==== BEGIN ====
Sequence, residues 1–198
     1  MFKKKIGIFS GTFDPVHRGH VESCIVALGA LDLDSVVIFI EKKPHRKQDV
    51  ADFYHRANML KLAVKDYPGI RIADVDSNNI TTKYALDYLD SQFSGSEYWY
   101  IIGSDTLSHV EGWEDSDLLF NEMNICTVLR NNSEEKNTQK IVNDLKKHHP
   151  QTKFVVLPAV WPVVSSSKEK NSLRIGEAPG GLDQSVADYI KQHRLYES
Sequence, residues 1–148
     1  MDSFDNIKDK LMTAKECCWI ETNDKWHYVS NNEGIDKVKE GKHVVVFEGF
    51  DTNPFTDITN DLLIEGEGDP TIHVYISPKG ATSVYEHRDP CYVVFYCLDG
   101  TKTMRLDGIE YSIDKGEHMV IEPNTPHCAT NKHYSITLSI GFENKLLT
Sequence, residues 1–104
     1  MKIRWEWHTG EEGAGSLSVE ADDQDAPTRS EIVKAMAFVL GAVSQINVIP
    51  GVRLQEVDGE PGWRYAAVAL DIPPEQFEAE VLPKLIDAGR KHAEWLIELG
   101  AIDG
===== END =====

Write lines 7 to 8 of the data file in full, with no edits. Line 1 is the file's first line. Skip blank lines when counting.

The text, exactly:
     1  MDSFDNIKDK LMTAKECCWI ETNDKWHYVS NNEGIDKVKE GKHVVVFEGF
    51  DTNPFTDITN DLLIEGEGDP TIHVYISPKG ATSVYEHRDP CYVVFYCLDG